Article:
Friday, December 21, 2012


Any time our country finds itself at a place that holds the potential to define all our futures, honest, open, respectful, emphasis on listening based dialogue is critical.

When I here people begin their comments with “Any reasonable person…” alarms me.  When I here “No responsible person would disagree…” I am disturbed.  Regardless of where a person may stand on the issues of gun control, a conversation that most certainly needs to lead to meaningful action, there must be a commitment to work tirelessly to understand the positions, values, beliefs, and passions of the people opposite to our own ideas.  If conversations begin with “No reasonable person…” or “No responsible person would disagree…” then no effort is being made to listen, only insult.  No conversation where a person attempts to strengthen their position by framing the other person as unreasonable and irresponsible will be productive.  This is one of our greatest political impediments as a nation.  This impediment is at the root of our inability to pass legislation that results in meaningful action in response to the lack of access to healthcare by too many citizens, legislation that will return this country’s fiscal stewardship to the very principles that made us the wealthiest nation on earth, legislation that will continue to advance ethnic equality, gender equality, and social equality, and legislation that results in meaningful action to have a comprehensive plan for how we as a nation can responsibly arm our citizenry, for personal defense, wildlife management, and sporting recreation.

In February of this year my own personal beliefs about the ownership of guns evolved.  I had never considered owning a handgun, much less carrying one concealed on a daily basis.  My view changed as I listened to others with whom I would have previously disagreed.  I listened.  That is not to say that listening to someone will always alter our beliefs and values.  But if our beliefs and values are in need of changing, tempering, evolving… then listening to others is the only hope.  And if in our listening we still disagree, why do we need others to be wrong in order to make ourselves feel more right?  That is not strength of character but rather grossly misguided insecurity.  One of the great strengths of any society is to champion the coexistence of diverging values.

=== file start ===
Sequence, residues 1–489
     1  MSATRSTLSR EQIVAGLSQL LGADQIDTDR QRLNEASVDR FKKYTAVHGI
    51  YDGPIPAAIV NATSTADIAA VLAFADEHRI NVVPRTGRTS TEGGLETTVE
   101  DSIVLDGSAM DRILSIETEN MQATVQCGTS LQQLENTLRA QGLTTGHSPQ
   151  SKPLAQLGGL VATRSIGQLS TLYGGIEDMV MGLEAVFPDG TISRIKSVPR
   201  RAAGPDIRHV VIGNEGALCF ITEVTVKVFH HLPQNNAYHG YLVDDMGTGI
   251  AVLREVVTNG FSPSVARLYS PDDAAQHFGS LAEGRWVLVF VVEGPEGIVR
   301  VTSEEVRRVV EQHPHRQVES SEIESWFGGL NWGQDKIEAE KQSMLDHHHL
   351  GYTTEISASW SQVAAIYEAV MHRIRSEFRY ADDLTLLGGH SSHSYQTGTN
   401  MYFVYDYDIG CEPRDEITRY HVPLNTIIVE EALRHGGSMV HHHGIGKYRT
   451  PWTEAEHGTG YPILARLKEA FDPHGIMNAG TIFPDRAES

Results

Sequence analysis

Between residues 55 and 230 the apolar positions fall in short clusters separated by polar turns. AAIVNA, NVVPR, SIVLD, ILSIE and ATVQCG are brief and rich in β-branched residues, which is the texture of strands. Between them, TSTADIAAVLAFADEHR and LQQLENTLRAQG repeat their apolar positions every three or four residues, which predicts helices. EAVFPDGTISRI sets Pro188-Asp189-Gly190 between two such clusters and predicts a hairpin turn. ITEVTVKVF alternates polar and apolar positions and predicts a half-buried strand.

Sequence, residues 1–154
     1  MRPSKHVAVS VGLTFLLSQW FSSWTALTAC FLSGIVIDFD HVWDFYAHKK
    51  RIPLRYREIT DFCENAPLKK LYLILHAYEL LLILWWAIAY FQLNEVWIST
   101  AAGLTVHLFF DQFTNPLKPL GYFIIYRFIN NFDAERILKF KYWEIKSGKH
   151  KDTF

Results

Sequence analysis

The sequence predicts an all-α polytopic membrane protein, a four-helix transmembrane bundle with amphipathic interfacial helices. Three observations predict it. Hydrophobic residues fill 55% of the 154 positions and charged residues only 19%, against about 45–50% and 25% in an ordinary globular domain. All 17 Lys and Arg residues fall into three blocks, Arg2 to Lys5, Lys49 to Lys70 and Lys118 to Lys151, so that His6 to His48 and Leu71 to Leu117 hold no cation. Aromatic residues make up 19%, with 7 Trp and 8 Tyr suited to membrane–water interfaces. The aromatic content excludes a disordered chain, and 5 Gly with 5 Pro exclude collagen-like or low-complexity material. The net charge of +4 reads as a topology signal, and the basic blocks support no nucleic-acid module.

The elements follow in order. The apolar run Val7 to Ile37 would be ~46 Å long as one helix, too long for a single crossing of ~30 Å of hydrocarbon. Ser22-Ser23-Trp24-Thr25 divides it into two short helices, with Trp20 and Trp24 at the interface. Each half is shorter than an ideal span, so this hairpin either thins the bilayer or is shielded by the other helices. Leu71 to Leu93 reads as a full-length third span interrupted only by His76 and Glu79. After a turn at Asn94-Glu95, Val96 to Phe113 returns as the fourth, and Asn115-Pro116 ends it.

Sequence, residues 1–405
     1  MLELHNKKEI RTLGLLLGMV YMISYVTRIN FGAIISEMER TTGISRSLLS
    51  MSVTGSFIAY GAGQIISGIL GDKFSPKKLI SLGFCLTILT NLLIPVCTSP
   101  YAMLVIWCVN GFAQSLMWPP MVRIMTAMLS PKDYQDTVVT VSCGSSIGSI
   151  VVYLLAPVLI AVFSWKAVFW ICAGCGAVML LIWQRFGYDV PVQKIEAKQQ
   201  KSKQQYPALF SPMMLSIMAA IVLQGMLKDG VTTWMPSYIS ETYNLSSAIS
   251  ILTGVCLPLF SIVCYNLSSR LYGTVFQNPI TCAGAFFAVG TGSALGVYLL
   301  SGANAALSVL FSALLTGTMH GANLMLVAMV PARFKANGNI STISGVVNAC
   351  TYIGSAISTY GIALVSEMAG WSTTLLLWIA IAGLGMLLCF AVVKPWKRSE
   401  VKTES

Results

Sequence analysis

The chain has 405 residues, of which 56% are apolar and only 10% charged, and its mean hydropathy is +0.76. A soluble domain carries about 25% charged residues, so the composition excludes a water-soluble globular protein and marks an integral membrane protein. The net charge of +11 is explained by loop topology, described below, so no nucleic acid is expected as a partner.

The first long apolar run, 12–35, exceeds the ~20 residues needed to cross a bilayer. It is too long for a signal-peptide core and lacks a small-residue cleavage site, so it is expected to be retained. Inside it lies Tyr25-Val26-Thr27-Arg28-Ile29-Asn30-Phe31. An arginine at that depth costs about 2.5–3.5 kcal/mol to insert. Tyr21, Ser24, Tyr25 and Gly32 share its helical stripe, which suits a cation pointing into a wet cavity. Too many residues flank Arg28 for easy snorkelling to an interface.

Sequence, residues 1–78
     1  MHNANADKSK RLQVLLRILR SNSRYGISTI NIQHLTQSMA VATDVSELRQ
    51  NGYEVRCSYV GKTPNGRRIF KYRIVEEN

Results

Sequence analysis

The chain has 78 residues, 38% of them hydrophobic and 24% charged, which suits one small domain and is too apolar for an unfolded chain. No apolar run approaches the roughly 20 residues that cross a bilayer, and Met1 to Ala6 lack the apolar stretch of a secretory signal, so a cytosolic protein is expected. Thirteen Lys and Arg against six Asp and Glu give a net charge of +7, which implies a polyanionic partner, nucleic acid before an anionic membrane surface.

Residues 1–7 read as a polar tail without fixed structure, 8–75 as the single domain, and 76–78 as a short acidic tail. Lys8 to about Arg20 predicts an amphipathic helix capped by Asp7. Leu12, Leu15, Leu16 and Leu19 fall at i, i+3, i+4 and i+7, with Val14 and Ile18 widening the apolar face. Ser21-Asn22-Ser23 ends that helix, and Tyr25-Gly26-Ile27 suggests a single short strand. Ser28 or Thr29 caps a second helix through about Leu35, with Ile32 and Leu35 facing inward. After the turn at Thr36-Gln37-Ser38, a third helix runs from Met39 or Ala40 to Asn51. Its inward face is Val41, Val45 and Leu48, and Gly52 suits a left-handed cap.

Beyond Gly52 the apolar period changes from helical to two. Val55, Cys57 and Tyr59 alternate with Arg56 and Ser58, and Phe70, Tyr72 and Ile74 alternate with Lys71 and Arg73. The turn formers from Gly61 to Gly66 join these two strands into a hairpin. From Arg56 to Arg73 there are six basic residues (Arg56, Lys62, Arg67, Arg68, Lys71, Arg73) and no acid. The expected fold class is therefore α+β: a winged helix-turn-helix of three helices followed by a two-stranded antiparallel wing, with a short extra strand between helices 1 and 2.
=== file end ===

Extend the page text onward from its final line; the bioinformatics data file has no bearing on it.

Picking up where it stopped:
For me, I came to the conclusion that I was not living at my fullest possible potential.  I believe that if an opportunity arose where I found myself in a crisis where the lives of others were threatened, that my courage would not fail me and I would act.  This is how my father raised me, God bless him for always teaching me by his very example of the selflessness that manhood demands.  I realized that my actions, if ever required, would be grossly inadequate unless I was better prepared.  I obtained my concealed carry permit, took a class, copious research, committed to hours at the range, concentrated on developing muscle memory responses for various scenarios…I decided that any possible future crisis deserved an effort from me that was far greater than what presently existed.  My potential as a citizen of this Commonwealth that stirs my heart, of which my children are the tenth direct generation to walk upon the sacred soil of Virginia from when Abraham and Suzanne Michaux first arrived here the 1700’s, needed to climb.  My ability to serve others in a time of need that may demand lethal force existed at an elevation that placed me as a victim when I had the potential to be a responder, to aid, to rescue, to sacrifice.

Already a conversation has begun here in Virginia regarding allowing teachers to be armed.  To those who oppose this course of action, I would only ask that a conversation be allowed to advance, towards an outcome that is not yet determined but one that can and must be the result of a conversation that is characterized as being honest, open, respectful, and an emphasis on listening.

For me, I think the idea is to let people live at their full potential...for example, if a teacher is a former police officer and can pass a rigorous qualification process by the Virginia State Police, why wouldn't we consider allowing that person to live up to their potential in every possible setting, especially if that potential holds the possibility of saving lives. I would humbly suggest that part of the discussion in our society presently needs to also be how to limit the perceived vulnerability of people, how to project the ability to offer a sturdy response to any threat scenario, as opposed to our present situation of being too easily identified as victims.

The complexity of what lies ahead is immense.  But I am convinced that whatever decisions that will best serve humanity for decades to come must be born out of all the divergent values presently competing for influence.  May we all pray for those in authority over us as Scripture compels as these decisions are reached, “…that we can live peaceful and quiet lives marked by godliness and dignity.”  (1 Timothy 2:2)

Pastor Fred